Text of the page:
Hurricane warning issued for portion of Florida's east coast as Isaias' track shifts slightly west

Despite battling some higher wind shear, Hurricane Isaias continues to hang onto its Category 1 status in the 11 a.m. update from the National Hurricane Center. 

On Friday morning, Hurricane Hunters noticed some weakening in the storm's strength as the southwesterly shear takes a bit of a toll on the structure of the storm, says FOX 13's chief meteorologist Paul Dellegatto. 

A weaker storm would mean its track will shift west. Whereas a stronger storm means it will likely remain east of the state, which places Tampa Bay on the weaker and drier side.

Isais upgraded to a Category 1 storm late Thursday night. If it stays on its current projected track, the NHC says there is a small chance of tropical-storm-force winds in west-central and southwest Florida. The center of the storm could come close to the eastern side of Florida's coast. 

Forecasters declared a hurricane watch for parts of the Florida coastline on Friday as Hurricane Isaias drenched the Bahamas on a track for the U.S. East Coast.

A Hurricane Watch has been issued north of Deerfield Beach to the Volusia-Brevard County Line.

A Tropical Storm Warning is in effect for:
- Turks and Caicos Islands
- North of Ocean Reef northward to Sebastian Inlet
- Lake Okeechobee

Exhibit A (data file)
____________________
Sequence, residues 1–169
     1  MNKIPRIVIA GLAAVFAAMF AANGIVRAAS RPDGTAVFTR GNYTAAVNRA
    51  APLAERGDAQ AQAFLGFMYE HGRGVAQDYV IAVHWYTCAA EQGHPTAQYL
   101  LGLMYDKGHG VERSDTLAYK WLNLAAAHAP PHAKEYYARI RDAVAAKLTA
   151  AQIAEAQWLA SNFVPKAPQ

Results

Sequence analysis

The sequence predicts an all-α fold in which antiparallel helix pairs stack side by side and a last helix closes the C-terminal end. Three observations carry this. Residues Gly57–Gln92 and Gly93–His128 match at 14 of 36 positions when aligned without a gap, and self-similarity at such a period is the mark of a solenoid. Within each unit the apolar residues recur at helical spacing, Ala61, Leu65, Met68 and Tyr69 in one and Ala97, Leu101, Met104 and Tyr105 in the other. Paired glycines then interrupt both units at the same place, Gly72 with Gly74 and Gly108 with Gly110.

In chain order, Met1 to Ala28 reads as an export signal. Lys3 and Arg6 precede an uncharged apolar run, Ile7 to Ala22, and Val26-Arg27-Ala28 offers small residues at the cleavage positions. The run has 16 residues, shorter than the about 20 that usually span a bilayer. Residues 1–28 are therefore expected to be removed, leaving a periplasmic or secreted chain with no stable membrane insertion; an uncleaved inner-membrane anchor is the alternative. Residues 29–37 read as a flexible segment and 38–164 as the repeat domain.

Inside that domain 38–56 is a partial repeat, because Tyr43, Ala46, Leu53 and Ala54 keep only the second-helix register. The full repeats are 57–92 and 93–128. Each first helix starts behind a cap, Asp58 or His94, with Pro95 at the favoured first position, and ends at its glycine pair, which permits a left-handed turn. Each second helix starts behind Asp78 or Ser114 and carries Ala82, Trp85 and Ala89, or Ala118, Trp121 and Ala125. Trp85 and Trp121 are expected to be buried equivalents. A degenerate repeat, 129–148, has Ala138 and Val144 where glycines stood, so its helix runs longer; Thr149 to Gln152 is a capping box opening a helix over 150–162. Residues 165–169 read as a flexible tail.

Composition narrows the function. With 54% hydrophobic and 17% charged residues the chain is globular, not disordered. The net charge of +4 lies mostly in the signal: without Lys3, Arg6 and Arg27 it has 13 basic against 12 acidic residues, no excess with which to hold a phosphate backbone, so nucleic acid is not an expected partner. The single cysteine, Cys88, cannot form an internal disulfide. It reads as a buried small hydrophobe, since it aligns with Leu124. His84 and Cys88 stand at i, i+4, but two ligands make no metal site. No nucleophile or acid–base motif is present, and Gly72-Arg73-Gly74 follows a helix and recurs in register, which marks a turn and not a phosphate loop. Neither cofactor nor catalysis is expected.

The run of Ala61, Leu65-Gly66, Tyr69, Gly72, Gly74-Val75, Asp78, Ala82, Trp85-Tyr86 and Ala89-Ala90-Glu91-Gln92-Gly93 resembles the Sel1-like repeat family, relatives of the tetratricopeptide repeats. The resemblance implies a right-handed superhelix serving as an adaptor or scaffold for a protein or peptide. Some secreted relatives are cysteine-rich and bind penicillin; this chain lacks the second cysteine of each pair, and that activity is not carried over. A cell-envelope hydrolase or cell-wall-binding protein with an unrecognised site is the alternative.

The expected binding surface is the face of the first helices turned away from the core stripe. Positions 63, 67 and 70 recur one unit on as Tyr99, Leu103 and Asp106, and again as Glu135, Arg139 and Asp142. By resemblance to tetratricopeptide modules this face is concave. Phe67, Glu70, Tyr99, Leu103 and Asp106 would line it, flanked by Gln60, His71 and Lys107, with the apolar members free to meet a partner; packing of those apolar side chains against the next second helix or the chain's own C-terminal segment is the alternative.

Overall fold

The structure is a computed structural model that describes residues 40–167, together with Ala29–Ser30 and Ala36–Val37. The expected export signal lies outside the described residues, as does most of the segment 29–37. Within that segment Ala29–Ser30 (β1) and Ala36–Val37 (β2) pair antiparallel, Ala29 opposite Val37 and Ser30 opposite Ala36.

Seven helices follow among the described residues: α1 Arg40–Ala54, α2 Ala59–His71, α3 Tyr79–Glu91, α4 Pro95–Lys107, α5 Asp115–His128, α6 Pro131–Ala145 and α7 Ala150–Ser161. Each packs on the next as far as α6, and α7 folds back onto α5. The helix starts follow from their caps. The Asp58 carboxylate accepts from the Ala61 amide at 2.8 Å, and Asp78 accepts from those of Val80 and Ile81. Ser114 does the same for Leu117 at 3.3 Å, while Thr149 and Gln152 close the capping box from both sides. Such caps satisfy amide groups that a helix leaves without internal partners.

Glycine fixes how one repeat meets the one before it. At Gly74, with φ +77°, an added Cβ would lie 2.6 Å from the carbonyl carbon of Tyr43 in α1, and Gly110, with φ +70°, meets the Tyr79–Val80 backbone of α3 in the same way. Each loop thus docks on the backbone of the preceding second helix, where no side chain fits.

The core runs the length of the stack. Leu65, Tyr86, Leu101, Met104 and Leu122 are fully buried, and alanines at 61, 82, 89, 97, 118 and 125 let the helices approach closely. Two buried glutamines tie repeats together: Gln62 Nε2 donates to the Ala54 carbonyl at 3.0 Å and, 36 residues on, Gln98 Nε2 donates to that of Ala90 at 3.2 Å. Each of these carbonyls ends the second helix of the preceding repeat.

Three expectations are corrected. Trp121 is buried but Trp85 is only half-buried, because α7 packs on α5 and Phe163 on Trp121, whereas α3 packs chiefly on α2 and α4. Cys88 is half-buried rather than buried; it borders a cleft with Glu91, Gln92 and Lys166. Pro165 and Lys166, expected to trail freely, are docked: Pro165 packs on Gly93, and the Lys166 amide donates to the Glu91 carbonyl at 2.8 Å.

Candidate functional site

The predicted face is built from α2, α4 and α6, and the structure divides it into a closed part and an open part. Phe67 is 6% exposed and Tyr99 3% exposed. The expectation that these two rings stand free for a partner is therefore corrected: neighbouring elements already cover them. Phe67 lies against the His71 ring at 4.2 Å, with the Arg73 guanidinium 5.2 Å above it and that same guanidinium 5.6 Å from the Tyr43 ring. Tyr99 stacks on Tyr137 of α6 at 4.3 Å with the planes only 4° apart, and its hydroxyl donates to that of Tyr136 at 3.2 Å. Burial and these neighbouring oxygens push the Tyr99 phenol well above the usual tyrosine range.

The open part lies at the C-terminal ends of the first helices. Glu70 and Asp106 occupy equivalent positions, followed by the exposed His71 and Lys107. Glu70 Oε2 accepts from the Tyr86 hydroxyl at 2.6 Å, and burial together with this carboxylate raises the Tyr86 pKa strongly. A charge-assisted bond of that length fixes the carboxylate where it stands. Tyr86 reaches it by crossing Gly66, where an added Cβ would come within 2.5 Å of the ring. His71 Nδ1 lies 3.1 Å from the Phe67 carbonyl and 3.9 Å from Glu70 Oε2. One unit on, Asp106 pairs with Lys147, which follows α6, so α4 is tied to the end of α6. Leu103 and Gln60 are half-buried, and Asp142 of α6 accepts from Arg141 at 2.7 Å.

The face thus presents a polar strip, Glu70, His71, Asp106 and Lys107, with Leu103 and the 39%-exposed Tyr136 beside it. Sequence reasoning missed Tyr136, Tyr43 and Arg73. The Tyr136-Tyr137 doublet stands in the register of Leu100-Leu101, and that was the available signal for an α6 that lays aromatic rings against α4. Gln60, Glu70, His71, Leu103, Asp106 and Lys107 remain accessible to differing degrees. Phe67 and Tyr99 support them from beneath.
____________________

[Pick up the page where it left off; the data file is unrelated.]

In Polk County, sandbag sites opened Friday for residents.

Officials in Florida said they were closing beaches, marinas and parks in Miami-Dade County beginning Friday night. Mayor Carlos Gimenez said the county has 20 evacuation centers on standby that could be set up with COVID-19 safety measures.

“We still don’t think there is a need to open shelters for this storm but they are ready,” he said.

LINK: Head to for ongoing updates

Isaias had maximum sustained winds of 75 mph (120 kph) Friday morning and it was expected to remain a hurricane for the next few days, according to the U.S. National Hurricane Center in Miami. It was centered about 295 miles (470 kilometers) southeast of Nassau in the Bahamas and was moving northwest at 16 mph (26 kph).

The Hurricane Center said heavy rains associated with the storm “may begin to affect South and east-Central Florida beginning late Friday night, and the eastern Carolinas by early next week, potentially resulting in isolated flash and urban flooding, especially in low-lying and poorly drained areas.”

On Thursday while still a tropical storm, Isaias knocked out power, toppled trees and caused widespread flooding and small landslides in the Dominican Republic and Puerto Rico, where at least 35 people were rescued from floodwaters and one person remained missing. Hundreds of thousands of people in Puerto Rico were left without power and water.

A hurricane warning was in effect for the northwestern Bahamas, including Andros Island, New Providence, Eleuthera, Abaco Islands, Berry Islands, Grand Bahama and Bimini.

Two of those islands, Abaco and Grand Bahama, were battered by Dorian, a Category 5 storm that hovered over the area for two days and killed at least 70 people, with more than 280 reported missing. People are still living in tents on both islands, and officials said crews were trying to remove leftover debris ahead of Isaias.

Prime Minister Hubert Minnis announced late Thursday that he was relaxing a coronavirus lockdown as a result of the impending storm, but said a 10 p.m. to 5 a.m. curfew would be implemented starting Friday. He said supermarkets, pharmacies, gas stations and hardware stores would be allowed to be open as long as weather permitted.

“These are especially difficult days,” he said during an online news conference. “We need at this time the spirit of love and unity.”

The Associated Press contributed to this report